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Catalonia launches PR campaign in push for EU official language recognition

The Catalan government has launched a massive public relations campaign across Europe as negotiations to reform the roster of official EU languages continue with the next ministerial meeting on the subject scheduled for Tuesday (24 October). 

The campaign, launched on Friday, will last for eight days across all 27 EU countries with adverts in public spaces and media in all 24 current EU official languages, in a bid to increase public awareness of Catalonia’s demand. 

“We want to explain that we seek this officialdom in an empathetic way, that they [EU citizens] see it in a positive way and that they see that it is to reinforce this European project, to reinforce this richness and this diversity that is essential,” Catalan Foreign Affairs Minister Meritxell Serret told Euractiv.

Rather than only focusing on Catalan, the campaign “is a defence and praise of all languages”, she said.

🇪🇺 From Catalonia we give you this campaign so you can promote your language.

If you also love languages, help us make Catalan official in Europe.

If all languages are exceptional, let none be an exception in Europe.

— Catalan Gov. EU (@Catalonia_EU) October 20, 2023

After July’s general election, Spanish Foreign Minister José Manuel Albares officially requested that the EU Council start the process of adding Catalan, Basque and Galician as EU official languages in August, as the first step in negotiations with Catalan independence parties to secure their support to form a socialist government headed by Pedro Sánchez. 

As Spain tried to rush the adoption of a final decision by EU countries on 19 September, several countries raised concerns over the proposal, especially about its costs, practicalities, and the possible domino effect on other minority languages in Europe. 

The regional government and its international delegations have also circulated among EU countries in the last weeks an ‘argumentative’ report, seen by Euractiv, while also meeting with public authorities at different levels in Brussels, Barcelona, and Madrid.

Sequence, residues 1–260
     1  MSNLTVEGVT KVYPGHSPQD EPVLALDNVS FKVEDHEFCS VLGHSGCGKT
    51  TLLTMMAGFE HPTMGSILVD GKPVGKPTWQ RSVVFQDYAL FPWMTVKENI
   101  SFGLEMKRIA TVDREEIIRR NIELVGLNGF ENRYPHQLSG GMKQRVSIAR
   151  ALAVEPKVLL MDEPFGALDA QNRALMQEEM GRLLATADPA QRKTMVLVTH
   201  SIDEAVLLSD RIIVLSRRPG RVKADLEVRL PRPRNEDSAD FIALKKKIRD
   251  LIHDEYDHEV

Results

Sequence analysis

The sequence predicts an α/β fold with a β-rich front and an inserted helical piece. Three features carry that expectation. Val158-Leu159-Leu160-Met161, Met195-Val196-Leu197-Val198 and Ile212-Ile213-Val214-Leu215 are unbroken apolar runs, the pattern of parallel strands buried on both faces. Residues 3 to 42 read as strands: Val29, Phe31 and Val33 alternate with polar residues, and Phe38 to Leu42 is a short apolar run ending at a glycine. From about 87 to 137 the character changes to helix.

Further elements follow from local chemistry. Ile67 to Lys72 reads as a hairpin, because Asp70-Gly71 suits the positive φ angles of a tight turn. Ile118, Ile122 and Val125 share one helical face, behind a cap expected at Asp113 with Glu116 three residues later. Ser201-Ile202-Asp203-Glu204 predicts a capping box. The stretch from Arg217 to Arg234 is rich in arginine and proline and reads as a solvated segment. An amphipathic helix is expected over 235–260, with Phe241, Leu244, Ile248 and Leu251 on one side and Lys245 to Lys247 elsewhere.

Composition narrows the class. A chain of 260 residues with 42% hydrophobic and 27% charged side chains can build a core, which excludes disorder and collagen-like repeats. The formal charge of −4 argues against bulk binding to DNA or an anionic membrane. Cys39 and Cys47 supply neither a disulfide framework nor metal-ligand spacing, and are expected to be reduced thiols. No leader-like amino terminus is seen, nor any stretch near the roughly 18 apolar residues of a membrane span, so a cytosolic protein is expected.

The report contains rebuttals to concerns expressed by EU member states on making Catalan an official language, particularly costs and operational feasibility.

Stating that Catalan is used by 10 million speakers and is one of the 15 most spoken EU languages, the report argues that its exclusion from being an official EU language would be a ‘democratic anomaly’.

As for the costs, the Catalan government offers any resources at their disposal and reminds member states that translation accounts for less than 1% of the EU budget.

“It is important to bear in mind that, in terms of human resources, 25% of the staff interpreters and 30% of the interpreters in the EU’s pool of external staff are also competent to work in Catalan,” the report continues. 

EU countries are set to discuss Spain’s proposal again during a meeting of general affairs ministers on 24 October. Despite Spain’s and Catalonia’s efforts to convince EU countries and Catalan Minister Serret stating that “things are moving”, the overall position has not changed.

Member states want more time to thoroughly analyse the implications of making Catalan, Basque, and Galician official EU languages, and this is likely to be a lengthy process, three diplomats told Euractiv.

Serret is also aware that the process is far from over, as “there may be questions that still require us to continue working to give them this certainty” while adding that the dossier will not be approved until there is “technical and juridical” clarity. 

Another key issue that Catalonia seeks to address is member states’ view that making Catalan an official language is linked to the process of forming a progressive government in Spain, which has caused frustration among diplomats.

In the ‘argumentative’ report, the Catalan government argues that the request for language recognition has been a long-term request of Spain and Catalonia. At the campaign launch on Friday, Serret said that the request dates back to 1987 when the Balearic Islands Parliament approved the first official request.

“We need to ensure that this historical opportunity is not missed,” Serret said.

[Edited by Benjamin Fox/Nathalie Weatherald]

Read more with EURACTIV


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